The governments of China and North Korea have confirmed that North Korean leader Kim Jong Un made an “unofficial” visit to Beijing in March 2018. During this visit, he reportedly spoke about North Korea’s willingness to denuclearize.
From the time of its formation at the end of the Korean War in the early 1950s, China has been North Korea’s most important ally, as well as its principal trading partner, with the majority of North Korean exports, mainly in the form of coal and seafood, finding markets across the border in China.
However, as China has grown and sought to increase its influence in the world, becoming a major economic and political force on the world stage, its once warm relationship with its eastern neighbour has become increasingly strained over the years. Where China once occupied a position of significant power and influence over North Korea, its newest leader, Kim Jong Un has made several moves to assert his own independence. This has signalled a shift the traditional balance of power in China – North Korea ties. Experts have noted that on more than one occasion the current North Korean leader even snubbed the Chinese leadership. This has led to a marked cooling of diplomatic ties between the countries and put considerable strain on their relations.
They are both communist nations and share cultural similarities. China's economic assistance to North Korea accounts for about half of all Chinese foreign aid. Beijing provides the aid directly to Pyongyang, thereby enabling it to bypass the United Nations. During the period of severe food shortage between 1996 and 1998, Beijing provided unconditional food aid to North Korea.
After much speculation, Beijing and North Korea have confirmed that Kim Jong Un visited China in March 2018. This is the first trip to Beijing undertaken by Kim Jong Un since he came into power in 2011. In fact, this was the first time, the leader of the isolated nation had left North Korea since 2011.
According to Chinese media, he held “successful talks” with the Chinese government. He is reported to have stated, “The issue of denuclearisation of the Korean Peninsula can be resolved, if South Korea and the United States respond to our efforts with goodwill, create an atmosphere of peace and stability while taking progressive and synchronous measures for the realisation of peace.”
Even though the visit was confirmed, it was not an “official” state visit. Due to this, the visit was not announced prior to it taking place. In addition, some of the formal protocols were flouted. "It makes sense for North Korea to explain their positions and co-ordinate with China, their most important partner," Andray Abrahamian, research fellow at Pacific Forum CSIS, told the BBC. He added, “Relations have been extremely strained in the last five years and China has been sidelined in the diplomacy of the last several months. From Beijing's perspective, this is a visit that should have happened some time ago.”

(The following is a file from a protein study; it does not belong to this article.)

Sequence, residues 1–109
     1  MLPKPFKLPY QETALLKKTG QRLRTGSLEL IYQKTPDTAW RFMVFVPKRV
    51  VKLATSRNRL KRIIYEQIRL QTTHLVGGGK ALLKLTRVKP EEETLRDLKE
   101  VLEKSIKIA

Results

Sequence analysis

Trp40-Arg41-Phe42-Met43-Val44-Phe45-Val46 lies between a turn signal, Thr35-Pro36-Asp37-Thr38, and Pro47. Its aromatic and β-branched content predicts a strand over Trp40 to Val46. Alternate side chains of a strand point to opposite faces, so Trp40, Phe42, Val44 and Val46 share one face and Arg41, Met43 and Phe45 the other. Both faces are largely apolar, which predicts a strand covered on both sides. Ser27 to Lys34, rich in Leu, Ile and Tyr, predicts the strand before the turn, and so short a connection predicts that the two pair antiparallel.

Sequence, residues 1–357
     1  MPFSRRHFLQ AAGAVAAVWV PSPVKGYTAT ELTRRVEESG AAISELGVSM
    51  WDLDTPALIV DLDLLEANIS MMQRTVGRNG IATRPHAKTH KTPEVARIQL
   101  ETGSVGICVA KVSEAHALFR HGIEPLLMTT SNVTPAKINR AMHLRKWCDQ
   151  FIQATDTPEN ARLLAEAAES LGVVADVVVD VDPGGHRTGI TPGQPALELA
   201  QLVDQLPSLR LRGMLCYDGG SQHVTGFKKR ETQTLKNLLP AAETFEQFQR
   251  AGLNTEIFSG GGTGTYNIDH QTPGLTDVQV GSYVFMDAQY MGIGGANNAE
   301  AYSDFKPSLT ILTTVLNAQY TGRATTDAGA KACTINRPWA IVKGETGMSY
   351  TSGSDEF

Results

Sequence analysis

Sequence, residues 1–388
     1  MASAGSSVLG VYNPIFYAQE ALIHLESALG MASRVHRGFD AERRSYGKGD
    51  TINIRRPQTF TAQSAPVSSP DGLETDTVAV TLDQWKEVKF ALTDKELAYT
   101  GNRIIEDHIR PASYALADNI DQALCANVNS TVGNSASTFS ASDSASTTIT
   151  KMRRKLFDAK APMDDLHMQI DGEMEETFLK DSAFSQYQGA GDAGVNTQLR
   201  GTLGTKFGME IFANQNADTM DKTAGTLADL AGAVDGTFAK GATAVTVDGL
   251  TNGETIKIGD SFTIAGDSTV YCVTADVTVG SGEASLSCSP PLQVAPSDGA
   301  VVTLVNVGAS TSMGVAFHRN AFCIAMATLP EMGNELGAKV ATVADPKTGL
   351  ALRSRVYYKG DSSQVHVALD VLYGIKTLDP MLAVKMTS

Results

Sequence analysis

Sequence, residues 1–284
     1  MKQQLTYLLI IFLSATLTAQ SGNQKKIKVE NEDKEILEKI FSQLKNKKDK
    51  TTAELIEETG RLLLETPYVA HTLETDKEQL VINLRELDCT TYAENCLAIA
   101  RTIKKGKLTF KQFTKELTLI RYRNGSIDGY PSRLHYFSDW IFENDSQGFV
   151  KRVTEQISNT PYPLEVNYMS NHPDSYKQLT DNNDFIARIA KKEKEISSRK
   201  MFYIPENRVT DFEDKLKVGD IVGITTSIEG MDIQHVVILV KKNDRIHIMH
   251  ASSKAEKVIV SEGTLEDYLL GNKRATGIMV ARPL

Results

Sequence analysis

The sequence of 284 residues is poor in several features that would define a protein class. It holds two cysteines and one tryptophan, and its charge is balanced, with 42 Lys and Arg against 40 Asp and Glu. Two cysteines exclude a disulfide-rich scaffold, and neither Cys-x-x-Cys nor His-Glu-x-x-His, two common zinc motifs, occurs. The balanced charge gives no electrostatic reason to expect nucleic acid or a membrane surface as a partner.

“This is a positive political signal that Pyongyang is ready for more dialogue,” said Michael Kovrig, senior adviser for north-east Asia at the International Crisis Group, an independent conflict-prevention organisation. “But the challenge, will be creating the trust and conditions under which Kim would actually feel secure enough to denuclearise, while remaining vigilant on proliferation and deterrence. That won’t be easy.”
The US administration has meanwhile revealed that China had notified Washington of the visit. The statement from the White House read, “The White House said China had briefed the US on the visit on Tuesday, which was after Kim arrived, and added that Xi had sent Trump a personal message. “We see this development as further evidence that our campaign of maximum pressure is creating the appropriate atmosphere for dialogue with North Korea.”
It has also been reported that Chinese President Xi Jinping has accepted an invitation from the North Korean leader to make an official visit to North Korea “at a convenient time”.
Our assessment is that as we have stated earlier, the main levers of peace in the Korean peninsula still lies with China. Strategically speaking, China will want to ensure it remains North Korea’s most important ally – this way Beijing will be able to use North Korea as a token against the US. We feel that despite Kim Jong Un broaching the possibility of denuclearization, the country may not entirely pursue that course. The main fear that North Korea has regarding denuclearization is that without a credible nuclear deterrence, the US may push for a regime change. The fate of Gaddafi and Libya looms dark over Kim Jong Un and hence the nation will most likely continue defying the demands made by the US.